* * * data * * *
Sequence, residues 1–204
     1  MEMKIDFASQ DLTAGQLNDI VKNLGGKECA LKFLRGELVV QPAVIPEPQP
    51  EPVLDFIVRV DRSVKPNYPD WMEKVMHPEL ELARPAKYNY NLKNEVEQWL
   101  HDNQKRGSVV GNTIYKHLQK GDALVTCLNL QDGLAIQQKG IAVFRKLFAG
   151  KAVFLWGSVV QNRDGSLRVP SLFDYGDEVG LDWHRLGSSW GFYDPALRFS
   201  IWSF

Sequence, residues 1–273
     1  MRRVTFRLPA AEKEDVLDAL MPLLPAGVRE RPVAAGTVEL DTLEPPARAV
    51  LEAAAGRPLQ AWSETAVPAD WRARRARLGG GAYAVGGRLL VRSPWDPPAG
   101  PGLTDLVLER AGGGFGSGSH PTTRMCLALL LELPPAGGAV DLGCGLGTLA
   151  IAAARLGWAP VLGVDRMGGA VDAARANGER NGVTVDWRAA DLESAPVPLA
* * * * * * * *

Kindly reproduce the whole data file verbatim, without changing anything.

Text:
Sequence, residues 1–204
     1  MEMKIDFASQ DLTAGQLNDI VKNLGGKECA LKFLRGELVV QPAVIPEPQP
    51  EPVLDFIVRV DRSVKPNYPD WMEKVMHPEL ELARPAKYNY NLKNEVEQWL
   101  HDNQKRGSVV GNTIYKHLQK GDALVTCLNL QDGLAIQQKG IAVFRKLFAG
   151  KAVFLWGSVV QNRDGSLRVP SLFDYGDEVG LDWHRLGSSW GFYDPALRFS
   201  IWSF

Sequence, residues 1–273
     1  MRRVTFRLPA AEKEDVLDAL MPLLPAGVRE RPVAAGTVEL DTLEPPARAV
    51  LEAAAGRPLQ AWSETAVPAD WRARRARLGG GAYAVGGRLL VRSPWDPPAG
   101  PGLTDLVLER AGGGFGSGSH PTTRMCLALL LELPPAGGAV DLGCGLGTLA
   151  IAAARLGWAP VLGVDRMGGA VDAARANGER NGVTVDWRAA DLESAPVPLA